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If you’re trying to research how to grow cat grass indoors at home, don’t let yourself get overwhelmed by all the conflicting information you may stumble upon. I want to make it clear that there is not just ONE “correct” way to grow it.
There are different types of grasses, different types of containers, different mediums for seeds (I’ve seen tutorials for how to grow it without soil, or in water!)
Some people will tell you to only use organic soil, or that you have to soak your seeds for x amount of time, or you need to use a shallow container. While you certainly can do all those things, you don’t need to.
When I first started growing my cat grass, I literally just followed the instructions that were on the package of wheatgrass seeds I bought. But after I planted my seeds, I went to Google to find more information because I still had so many questions.
After reading through some articles, I kind of felt like I made all types of mistakes. I was convinced that I used the wrong soil and the wrong containers, and I watered it too much!
But guess what? The seeds still sprouted, and they grew super healthy! And after researching even more, I found out that I hadn’t actually made “mistakes” at all. I just did it a little differently than some tutorials online. And guess what? It’s OK!
So let me assure you, this cat grass stuff is easy peasy!
NO EXPERIENCE REQUIRED!
Before we get to the tutorial, let’s discuss a bit more about what cat grasses are and the benefits of growing them for your cats.
What is cat grass, exactly?
To clear up any confusion, there’s no variety of grass with the technical name “cat grass”. If you look at the label of any seeds marketing as such, you’ll notice it’s typically just one type or a mix of these different cereal grasses:
- Oat grass
- Barley grass
These grasses are sometimes sold under the label as cat grasses because cats sure love to eat them, and many people plant them specifically for their felines. They’re also completely safe, healthy, and have many benefits for cats.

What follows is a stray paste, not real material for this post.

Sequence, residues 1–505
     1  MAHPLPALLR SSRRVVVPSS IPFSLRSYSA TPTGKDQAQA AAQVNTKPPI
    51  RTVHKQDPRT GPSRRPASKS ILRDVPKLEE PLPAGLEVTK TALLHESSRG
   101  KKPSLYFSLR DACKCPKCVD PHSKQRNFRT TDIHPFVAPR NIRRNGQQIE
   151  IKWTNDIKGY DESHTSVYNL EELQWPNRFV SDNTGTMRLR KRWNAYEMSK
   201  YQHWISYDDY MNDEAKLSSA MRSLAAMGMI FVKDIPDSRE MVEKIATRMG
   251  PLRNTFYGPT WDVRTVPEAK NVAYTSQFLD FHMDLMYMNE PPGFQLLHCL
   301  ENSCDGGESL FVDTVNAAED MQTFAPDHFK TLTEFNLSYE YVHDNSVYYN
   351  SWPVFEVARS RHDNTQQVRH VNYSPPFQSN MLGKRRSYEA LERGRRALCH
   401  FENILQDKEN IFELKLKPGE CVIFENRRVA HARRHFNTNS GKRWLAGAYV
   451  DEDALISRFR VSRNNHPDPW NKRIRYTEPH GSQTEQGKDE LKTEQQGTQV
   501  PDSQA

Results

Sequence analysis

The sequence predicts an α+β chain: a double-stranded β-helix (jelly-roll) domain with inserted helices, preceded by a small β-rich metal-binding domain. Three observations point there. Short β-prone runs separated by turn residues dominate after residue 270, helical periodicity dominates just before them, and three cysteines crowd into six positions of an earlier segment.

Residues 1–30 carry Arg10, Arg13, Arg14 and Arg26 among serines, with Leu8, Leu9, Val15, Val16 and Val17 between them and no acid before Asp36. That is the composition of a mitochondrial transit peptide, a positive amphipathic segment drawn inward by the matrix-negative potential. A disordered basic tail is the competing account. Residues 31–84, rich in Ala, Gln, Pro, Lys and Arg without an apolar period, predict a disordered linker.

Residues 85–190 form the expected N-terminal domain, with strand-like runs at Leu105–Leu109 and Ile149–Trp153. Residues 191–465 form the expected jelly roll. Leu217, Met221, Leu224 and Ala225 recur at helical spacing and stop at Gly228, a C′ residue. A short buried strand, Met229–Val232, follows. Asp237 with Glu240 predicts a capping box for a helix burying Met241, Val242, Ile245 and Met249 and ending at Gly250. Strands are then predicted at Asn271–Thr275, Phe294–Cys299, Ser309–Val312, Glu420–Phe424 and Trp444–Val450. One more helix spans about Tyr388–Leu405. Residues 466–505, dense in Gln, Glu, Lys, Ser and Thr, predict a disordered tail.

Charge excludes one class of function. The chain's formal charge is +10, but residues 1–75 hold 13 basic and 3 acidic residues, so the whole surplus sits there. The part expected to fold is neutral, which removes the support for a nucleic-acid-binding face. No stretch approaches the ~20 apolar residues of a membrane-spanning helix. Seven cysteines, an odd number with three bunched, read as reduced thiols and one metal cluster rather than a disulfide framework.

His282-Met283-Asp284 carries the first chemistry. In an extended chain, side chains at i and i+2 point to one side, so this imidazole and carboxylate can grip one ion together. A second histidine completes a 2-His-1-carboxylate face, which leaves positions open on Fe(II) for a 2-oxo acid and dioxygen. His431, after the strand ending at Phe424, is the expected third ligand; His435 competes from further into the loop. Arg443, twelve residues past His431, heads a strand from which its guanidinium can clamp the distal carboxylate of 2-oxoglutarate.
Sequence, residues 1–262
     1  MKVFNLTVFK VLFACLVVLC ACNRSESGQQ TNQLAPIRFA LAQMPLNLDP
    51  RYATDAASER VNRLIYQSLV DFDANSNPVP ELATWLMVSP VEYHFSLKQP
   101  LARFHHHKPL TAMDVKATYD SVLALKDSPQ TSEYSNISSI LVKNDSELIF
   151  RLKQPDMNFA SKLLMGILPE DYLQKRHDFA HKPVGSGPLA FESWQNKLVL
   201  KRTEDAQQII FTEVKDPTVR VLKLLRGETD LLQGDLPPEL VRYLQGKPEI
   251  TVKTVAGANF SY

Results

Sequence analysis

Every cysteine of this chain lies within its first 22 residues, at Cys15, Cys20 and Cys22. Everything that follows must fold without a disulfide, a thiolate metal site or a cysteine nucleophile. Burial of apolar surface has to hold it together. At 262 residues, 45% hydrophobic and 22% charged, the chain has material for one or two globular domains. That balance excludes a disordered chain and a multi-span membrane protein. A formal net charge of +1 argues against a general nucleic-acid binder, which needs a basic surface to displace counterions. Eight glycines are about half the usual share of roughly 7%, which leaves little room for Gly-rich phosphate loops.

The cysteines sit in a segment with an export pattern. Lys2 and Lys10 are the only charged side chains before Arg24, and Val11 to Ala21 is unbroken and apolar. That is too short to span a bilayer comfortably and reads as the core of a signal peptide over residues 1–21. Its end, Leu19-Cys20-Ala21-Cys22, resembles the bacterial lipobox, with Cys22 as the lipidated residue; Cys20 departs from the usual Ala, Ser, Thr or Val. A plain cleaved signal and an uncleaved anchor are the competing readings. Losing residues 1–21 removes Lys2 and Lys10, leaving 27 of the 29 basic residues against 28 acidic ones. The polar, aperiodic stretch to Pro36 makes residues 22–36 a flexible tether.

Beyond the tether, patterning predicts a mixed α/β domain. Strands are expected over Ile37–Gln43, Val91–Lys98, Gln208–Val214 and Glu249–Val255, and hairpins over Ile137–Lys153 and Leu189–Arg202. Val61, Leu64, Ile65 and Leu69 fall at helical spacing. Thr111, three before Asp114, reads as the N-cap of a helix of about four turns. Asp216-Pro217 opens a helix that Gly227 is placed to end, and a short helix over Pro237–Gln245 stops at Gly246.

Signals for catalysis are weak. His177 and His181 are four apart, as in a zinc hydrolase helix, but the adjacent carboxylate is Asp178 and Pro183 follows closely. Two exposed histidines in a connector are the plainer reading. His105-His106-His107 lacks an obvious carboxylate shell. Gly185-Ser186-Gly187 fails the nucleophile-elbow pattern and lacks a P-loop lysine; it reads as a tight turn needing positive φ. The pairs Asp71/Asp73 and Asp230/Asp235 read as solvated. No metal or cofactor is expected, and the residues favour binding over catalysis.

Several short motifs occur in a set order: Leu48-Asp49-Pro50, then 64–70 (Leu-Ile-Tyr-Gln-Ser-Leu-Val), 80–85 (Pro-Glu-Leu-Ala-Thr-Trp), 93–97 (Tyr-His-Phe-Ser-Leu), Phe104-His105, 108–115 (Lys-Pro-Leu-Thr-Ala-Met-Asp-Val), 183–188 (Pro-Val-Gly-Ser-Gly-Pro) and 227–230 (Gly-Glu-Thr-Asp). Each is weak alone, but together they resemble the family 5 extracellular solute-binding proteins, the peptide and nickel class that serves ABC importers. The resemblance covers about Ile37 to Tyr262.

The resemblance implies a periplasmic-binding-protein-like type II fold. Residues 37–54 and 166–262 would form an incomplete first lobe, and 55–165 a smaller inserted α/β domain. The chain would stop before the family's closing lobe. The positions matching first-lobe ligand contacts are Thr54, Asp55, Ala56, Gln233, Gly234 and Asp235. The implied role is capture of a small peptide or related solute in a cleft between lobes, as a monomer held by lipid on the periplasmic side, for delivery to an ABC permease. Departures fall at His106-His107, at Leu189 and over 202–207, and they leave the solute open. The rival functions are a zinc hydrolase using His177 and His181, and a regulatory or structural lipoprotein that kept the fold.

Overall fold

You can certainly go ahead and purchase wheatgrass, oat grass, ryegrass, or barley grass seeds that don’t say “cat grass” on the label – they’re the same thing! I simply purchased some wheatgrass seeds on Amazon for mine.
Cat grass vs. catnip
Another thing to note is cat grass and catnip are not the same things at all. Catnip, scientifically referred to as Nepeta cataria, is a member of the mint family. This plant contains an oil called nepetalactone which triggers an emotional response in cats’ brains. You’ll hear people often say it gets their cats “high” and is sort of like a drug.
Cat grasses, on the other hand, do not affect the brain, but many cats are attracted to them. There is no definite answer as to why that is, but some researchers believe cats do it to purposely help themselves throw up if they need to. It also can have a laxative effect and help them digest hairballs. In addition, they could also be eating it to get extra nutrition.
Read also: Why does my cat eat plants and throw up?
I know my cat certainly loves to run outside and chomp on grass at every opportunity, so I thought I’d give him the chance to chew on some safe and healthy grass inside instead.
What is the best type of grass to grow for cats?
You can’t really go wrong with any of these grasses – but wheatgrass and oat grass are the most popular choices.
Oat grass is high in protein, soluble fiber, and contains iron, zinc, B vitamins, and manganese. Wheatgrass has potassium, fiber, Vitamin A, C, K, and B6. They’re also great ways to help calm your cat’s tummy and help with their digestion.